Every dive is a decompression dive j gastroenterology impact factor

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The fact that every dive technically involves the decompression of nitrogen also helps to explain why, in rare cases, some divers get "undeserved" decompression sickness–decompression sickness which manifests even though a diver followed safe diving guidelines.

While "undeserved" decompression hits are unusual in recreational diving, they do occur. This happens because, for some reason, the diver’s body failed to eliminate decompressing nitrogen from his system efficiently enough to prevent the nitrogen from forming bubbles. Divers Have Different Physiologies

A diver can get decompression sickness while following safe diving practices. No-decompression limits, dive tables, and safe ascent rate guidelines are simply tools that a diver can use to avoid absorbing such a high quantity of nitrogen or ascending so quickly that his body can not efficiently eliminate the decompressing nitrogen.

Divers should realize that these guidelines are created with the "average" diver in mind. They are based on experimental data, accident statistics, and mathematical algorithms. No algorithm or rule will ensure that every diver who follows it is one hundred percent safe. Divers have different physiologies.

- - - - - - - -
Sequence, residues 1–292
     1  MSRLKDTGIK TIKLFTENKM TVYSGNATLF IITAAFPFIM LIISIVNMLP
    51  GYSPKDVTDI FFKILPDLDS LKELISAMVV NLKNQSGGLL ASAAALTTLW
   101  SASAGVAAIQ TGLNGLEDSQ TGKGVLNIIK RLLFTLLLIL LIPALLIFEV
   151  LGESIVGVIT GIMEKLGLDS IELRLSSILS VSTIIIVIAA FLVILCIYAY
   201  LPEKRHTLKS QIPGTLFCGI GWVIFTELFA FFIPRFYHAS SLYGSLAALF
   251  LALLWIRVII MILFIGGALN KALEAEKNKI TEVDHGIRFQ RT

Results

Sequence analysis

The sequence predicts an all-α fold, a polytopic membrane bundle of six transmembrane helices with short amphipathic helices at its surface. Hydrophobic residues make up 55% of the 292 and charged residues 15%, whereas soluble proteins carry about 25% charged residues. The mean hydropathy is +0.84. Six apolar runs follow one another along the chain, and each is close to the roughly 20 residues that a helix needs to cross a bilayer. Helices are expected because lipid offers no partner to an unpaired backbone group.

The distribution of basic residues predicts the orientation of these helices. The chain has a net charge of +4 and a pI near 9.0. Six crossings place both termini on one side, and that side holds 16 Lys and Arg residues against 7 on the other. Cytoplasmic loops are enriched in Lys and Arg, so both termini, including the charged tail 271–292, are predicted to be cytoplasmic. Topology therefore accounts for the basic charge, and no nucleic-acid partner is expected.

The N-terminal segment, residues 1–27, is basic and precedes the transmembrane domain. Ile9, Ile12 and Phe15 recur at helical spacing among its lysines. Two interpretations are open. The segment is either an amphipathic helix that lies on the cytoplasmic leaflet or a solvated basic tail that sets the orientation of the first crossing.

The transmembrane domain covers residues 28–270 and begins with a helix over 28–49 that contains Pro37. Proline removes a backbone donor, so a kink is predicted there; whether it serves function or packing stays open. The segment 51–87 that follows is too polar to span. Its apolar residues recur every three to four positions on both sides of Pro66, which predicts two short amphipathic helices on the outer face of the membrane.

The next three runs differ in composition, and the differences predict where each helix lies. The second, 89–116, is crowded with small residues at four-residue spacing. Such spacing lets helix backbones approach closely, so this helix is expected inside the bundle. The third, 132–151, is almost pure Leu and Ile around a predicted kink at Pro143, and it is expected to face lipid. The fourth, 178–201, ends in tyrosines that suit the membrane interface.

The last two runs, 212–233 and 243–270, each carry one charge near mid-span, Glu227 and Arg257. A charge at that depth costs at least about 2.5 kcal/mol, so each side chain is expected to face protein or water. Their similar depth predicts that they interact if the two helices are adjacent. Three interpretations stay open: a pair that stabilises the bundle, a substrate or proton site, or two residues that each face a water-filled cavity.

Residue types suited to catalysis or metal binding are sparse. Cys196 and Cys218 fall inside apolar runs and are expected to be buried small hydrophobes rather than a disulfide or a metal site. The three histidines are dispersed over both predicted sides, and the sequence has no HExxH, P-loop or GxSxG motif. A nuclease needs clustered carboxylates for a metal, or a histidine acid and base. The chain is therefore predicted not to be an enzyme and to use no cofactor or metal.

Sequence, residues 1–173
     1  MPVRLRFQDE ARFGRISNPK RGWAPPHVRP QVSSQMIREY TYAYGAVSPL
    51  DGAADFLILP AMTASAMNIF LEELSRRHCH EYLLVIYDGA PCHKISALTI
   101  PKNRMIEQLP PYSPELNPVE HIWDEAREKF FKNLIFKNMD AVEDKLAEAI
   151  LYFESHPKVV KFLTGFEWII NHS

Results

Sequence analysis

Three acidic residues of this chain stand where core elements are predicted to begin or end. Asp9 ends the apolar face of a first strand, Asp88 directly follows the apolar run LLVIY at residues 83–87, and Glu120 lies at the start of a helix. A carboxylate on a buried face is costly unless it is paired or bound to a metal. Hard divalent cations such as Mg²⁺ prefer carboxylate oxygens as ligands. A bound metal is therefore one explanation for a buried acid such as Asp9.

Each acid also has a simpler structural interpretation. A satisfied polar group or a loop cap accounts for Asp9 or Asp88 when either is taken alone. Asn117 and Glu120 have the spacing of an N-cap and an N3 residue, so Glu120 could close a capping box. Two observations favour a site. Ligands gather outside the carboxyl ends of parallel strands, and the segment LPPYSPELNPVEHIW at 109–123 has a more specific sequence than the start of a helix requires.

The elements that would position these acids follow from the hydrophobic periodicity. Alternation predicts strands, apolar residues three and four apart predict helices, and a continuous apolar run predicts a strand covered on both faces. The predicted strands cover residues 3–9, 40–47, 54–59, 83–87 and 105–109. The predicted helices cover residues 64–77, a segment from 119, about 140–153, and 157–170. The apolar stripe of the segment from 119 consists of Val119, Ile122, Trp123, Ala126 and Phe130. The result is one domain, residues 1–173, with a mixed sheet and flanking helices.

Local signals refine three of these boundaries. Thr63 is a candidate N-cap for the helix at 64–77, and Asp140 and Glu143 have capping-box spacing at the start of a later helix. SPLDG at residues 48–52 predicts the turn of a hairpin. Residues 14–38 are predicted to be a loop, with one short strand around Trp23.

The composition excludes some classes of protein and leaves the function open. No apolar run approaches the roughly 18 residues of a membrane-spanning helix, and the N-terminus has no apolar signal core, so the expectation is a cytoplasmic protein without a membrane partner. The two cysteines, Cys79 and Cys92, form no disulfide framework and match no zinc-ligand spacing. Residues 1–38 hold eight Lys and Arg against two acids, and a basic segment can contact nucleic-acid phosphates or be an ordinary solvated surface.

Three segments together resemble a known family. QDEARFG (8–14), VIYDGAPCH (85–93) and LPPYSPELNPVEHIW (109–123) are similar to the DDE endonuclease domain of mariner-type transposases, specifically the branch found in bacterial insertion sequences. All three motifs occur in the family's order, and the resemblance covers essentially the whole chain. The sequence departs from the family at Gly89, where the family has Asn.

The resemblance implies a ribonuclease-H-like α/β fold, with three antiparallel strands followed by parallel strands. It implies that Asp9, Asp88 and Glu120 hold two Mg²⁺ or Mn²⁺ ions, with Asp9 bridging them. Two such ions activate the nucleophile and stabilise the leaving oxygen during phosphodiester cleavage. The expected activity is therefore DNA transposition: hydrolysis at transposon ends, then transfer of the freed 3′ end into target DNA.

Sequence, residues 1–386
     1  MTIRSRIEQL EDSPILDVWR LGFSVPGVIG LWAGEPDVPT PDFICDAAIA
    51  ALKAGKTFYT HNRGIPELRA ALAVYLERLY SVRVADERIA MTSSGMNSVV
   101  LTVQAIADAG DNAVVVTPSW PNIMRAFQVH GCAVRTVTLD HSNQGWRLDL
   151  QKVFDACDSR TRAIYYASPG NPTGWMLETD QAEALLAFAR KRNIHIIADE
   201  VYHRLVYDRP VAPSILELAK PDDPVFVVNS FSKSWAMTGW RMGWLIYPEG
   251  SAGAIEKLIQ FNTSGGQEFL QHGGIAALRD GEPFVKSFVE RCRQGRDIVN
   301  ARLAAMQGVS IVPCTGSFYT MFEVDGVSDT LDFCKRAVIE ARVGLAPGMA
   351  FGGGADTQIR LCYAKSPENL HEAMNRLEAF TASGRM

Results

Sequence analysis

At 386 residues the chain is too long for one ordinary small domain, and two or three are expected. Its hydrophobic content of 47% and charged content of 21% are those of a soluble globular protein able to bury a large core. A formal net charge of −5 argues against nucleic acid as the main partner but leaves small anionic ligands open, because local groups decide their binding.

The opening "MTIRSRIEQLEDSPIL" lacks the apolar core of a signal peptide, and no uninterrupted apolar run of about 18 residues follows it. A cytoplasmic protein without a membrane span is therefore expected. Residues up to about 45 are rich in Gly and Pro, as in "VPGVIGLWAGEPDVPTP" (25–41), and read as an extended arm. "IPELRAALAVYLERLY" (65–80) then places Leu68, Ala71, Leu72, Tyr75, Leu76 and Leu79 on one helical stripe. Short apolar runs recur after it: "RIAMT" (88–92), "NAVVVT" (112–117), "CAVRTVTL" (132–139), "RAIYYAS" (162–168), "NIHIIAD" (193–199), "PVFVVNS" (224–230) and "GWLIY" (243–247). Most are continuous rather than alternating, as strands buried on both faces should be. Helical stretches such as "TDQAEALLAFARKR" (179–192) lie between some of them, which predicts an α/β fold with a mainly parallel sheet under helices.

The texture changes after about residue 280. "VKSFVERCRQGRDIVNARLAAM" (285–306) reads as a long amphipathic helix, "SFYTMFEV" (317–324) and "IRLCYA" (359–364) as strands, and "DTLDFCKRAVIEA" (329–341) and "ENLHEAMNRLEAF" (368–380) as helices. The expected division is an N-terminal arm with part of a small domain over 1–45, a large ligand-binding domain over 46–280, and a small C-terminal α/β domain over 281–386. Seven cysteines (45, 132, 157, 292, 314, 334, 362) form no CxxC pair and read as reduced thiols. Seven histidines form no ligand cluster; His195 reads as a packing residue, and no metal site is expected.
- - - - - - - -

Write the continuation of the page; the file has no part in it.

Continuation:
Divers with temporary or permanent conditions that may predispose them to decompression sickness and those that have completed multiple days of intense diving would do well to dive more conservatively than the guidelines suggest. Take Responsibility for Your Safety

The takeaway here is that it is possible to get bent on a 40-foot dive. It is possible to get bent on a 30-foot dive. Does this mean divers should panic and stop diving? Of course not! Diving, as far as adventure sports go, has a terrific safety record and is a relatively low-risk activity.

A wise diver will take personal responsibility for his diving safety. Owning a dive computer in order to monitor ascent rates is a great place to start. Implement multilevel dives or deep stops when diving to greater depths. Avoid exertion underwater, and be sure to master the art of the relaxed safety stop.

A conservative and safe diver will consider his health and physical state before diving. Avoid hangovers before diving. Do not dive when sick, exhausted or extremely stressed as these states may affect the body’s functioning. And most importantly, be sure to be well-hydrated before and after the dive (chugging a bottle of water immediately before descending does not count!).

Remember also, that although a dive ends once a diver reaches the surface, his body is still off-gassing nitrogen for hours, if not days, after the dive. Exertion, exercise, and dehydration immediately after diving may exacerbate or–in extreme cases–cause a decompression hit that could have been avoided! The Take Home Message

Are you going to get bent on your next recreational scuba dive? It’s highly unlikely. However, viewing every dive as a decompression dive leads to more conservative diving practices and explains many safe diving guidelines. Divers who understand the reasons behind the rules are more likely to follow them!